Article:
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Tim Pawlenty and the 'Goldilocks' Strategy for the Republican Nomination

6:00 AM, Apr 1, 2011 • By JAY COST
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It's difficult at this point to try to determine who has the best chance to be the Republican candidate in the 2012 election. Still, it's fair to say that Tim Pawlenty could pursue a potentially successful "Goldilocks Strategy" for the nomination.

To appreciate what I mean by this, we have to set aside a typical preconceived notion of the primary process. It is often (implicitly) assumed that primaries are dominated by party activists and the most ideological voters. This is not actually true. In fact, after the McGovern debacle of 1972, leaders in both parties started increasing the number of primaries, as opposed to participatory caucuses (like what Iowa has) to tamp down on the influence of the hyper-ideologues. Caucuses are time consuming affairs where the true believers are heavily represented, but primaries have a much wider constituency.

Another unstated and erroneous assumption about the Republican electorate -- which is on full display in this article -- is that GOP voters are ideologically uniform, and very far to the right. Again, this is not really true. To demonstrate this point, I looked at the exit polls from the 2008 GOP nomination battle through Super Tuesday -- when it was a legitimate multi-field contest between Giuliani, Huckabee, McCain, Romney, and Thompson. I was interested in two questions: (a) how did the GOP electorate break down by self-described ideology? (b) how well did McCain do with each ideological group? (Note: the averages in the following chart were weighted by the number of delegates each state had -- so, the exit poll data from California counts more than the data from South Carolina.)

The remaining voters were self-described "liberals," among whom McCain did very well -- but their numbers were too few to factor into the chart.

I'd draw two big conclusions from this. First, as we can see, the "very conservative" group does not dominate the early rounds. In fact "somewhat conservative" voters are the modal category, with a big chunk of voters calling themselves moderate (nearly as many, in fact, as those who call themselves "very conservative"). This is a product of the primary system, which is open in many states (i.e. independents and sometimes even self-identified Democrats can vote in them).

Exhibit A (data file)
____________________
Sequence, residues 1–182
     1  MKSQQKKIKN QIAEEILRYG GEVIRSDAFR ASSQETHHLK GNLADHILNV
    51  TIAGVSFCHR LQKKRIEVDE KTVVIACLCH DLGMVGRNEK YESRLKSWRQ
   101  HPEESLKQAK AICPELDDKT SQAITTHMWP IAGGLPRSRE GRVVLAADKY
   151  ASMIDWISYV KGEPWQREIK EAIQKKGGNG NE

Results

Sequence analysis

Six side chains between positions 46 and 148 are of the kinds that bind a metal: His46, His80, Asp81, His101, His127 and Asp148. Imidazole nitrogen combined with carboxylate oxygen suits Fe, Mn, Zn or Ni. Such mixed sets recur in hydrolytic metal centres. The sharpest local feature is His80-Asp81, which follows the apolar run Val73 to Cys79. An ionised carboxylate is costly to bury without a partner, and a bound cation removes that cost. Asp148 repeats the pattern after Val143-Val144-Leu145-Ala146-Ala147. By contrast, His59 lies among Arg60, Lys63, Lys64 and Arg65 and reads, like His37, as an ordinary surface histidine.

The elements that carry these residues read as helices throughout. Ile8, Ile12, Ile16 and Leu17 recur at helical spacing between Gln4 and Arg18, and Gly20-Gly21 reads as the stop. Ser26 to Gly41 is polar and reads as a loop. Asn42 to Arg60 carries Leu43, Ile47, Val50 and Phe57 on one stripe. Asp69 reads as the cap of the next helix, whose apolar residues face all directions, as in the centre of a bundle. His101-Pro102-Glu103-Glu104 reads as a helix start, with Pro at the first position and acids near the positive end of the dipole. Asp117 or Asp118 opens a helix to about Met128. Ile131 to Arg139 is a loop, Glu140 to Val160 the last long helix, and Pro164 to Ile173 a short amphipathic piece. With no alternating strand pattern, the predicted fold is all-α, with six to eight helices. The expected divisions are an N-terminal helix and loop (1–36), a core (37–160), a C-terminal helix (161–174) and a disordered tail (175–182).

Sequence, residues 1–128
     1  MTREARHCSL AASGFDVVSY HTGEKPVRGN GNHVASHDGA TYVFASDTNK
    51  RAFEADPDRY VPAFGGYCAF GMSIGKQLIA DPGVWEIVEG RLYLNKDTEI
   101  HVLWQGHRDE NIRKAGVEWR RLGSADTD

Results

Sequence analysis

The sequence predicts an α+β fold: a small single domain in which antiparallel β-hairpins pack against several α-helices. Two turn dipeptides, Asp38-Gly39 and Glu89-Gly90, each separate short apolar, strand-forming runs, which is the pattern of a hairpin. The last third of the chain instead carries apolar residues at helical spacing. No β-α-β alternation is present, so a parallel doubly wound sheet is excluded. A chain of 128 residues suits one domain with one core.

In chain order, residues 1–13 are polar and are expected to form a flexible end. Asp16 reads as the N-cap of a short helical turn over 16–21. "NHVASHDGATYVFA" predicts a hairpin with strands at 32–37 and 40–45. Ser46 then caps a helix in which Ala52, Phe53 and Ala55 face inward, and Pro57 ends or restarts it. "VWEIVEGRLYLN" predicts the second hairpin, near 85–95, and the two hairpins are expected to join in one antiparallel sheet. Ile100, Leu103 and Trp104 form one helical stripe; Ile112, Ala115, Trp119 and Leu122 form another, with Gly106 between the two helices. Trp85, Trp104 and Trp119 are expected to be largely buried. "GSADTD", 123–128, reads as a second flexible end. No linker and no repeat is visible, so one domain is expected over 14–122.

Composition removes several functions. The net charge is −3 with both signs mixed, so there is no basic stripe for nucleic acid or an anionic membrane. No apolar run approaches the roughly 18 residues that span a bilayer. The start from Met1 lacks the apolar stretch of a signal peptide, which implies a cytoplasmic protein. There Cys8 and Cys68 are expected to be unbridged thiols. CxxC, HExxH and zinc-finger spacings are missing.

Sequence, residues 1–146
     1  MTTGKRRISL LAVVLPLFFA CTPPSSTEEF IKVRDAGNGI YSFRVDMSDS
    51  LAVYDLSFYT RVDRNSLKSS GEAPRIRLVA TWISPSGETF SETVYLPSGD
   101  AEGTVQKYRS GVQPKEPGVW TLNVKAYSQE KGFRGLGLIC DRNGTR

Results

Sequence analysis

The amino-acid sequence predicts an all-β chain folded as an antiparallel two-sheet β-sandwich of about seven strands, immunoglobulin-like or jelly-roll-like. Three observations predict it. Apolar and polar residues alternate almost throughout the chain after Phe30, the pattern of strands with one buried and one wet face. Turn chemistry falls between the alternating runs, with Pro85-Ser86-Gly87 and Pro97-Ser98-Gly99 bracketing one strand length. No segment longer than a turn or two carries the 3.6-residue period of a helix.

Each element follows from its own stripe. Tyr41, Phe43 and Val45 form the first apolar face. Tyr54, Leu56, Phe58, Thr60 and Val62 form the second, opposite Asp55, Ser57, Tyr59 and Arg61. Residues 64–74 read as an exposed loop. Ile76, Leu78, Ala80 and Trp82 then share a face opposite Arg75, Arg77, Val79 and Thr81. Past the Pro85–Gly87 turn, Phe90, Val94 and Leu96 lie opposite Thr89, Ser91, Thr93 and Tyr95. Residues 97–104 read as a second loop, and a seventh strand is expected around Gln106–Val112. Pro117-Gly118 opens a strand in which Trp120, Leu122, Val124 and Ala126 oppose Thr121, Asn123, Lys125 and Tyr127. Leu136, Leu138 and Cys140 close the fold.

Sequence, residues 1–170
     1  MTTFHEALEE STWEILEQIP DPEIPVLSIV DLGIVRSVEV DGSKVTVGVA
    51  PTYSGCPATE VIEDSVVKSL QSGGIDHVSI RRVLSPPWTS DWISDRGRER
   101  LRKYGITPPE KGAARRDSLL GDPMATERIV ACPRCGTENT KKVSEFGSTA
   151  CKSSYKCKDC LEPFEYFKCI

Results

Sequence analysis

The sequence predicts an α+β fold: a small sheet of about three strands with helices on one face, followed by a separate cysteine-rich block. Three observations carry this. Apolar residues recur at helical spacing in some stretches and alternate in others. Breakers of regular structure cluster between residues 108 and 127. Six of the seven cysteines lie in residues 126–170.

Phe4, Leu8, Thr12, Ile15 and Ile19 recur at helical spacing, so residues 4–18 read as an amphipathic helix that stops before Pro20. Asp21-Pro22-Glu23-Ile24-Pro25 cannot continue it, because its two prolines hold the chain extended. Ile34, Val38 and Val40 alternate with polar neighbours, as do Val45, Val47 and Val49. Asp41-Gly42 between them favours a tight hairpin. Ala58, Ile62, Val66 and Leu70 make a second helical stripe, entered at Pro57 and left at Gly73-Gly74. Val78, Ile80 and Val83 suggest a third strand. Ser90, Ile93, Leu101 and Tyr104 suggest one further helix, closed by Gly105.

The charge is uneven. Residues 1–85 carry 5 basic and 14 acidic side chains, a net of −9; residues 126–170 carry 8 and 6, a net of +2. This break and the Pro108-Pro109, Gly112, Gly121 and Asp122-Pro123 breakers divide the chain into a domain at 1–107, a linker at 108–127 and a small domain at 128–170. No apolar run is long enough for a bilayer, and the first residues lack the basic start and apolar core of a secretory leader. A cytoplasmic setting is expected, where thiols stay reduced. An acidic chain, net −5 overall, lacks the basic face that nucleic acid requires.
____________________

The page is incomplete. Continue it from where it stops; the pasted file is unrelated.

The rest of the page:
Second, it would be very difficult to win merely by mobilizing the "very conservative" party base. Mathematically speaking, it is possible, but in practice multiple candidates tend to be in competition for that bloc, which means the ultimate winner will probably have to string together a voting coalition that samples from the more moderate factions. There are, of course, many ways to skin this cat -- and George W. Bush's coalition in 2000 was more conservative than McCain's in 2008 -- but the point is that, whichever mix you put together, Pawlenty, or any other candidate, will need some kind of mix. And it would be very difficult to win the nomination without getting at least 15 percent of either the "very conservative" or the "moderate" faction.

In other words, candidates who can pursue a "Goldilocks strategy" can be favored -- those who come across as not too conservative or too moderate, but fall somewhere in between. And on this front, Pawlenty might be able to carve out a real niche for himself.

Here's how Pawlenty -- and his advisors -- might look at the field:

It's fair to say that Michele Bachmann, Newt Gingrich, and Rick Santorum are angling to appeal to the "very conservative" base of the Republican electorate. Any one of them could win Iowa -- where the "very conservative" bloc dominates -- but they could be less appealing in places like California, Michigan, New Hampshire, and New York, where the GOP electorate is less conservative. We probably have to put Mike Huckabee into this category as well; he won the Iowa caucus in 2008, but failed to generate crossover appeal to more moderate Republican voters. It's hard to see how he can solve that problem in 2012, should he decide to run. Sarah Palin -- whose favorability ratings among self-identified Republicans are relatively weak -- would probably have a similar problem, should she run.

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